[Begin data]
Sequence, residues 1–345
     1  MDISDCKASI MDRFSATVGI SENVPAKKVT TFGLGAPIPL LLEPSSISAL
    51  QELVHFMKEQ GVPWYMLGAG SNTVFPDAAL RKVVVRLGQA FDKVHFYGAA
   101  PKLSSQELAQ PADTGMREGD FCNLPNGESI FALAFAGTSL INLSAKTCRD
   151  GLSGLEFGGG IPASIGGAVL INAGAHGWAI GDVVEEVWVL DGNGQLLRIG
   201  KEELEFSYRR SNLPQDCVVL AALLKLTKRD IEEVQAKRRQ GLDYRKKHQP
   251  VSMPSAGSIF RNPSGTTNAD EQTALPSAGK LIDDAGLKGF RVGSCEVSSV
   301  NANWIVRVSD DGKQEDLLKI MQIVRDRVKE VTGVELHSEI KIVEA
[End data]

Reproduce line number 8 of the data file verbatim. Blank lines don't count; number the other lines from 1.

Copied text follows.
   301  NANWIVRVSD DGKQEDLLKI MQIVRDRVKE VTGVELHSEI KIVEA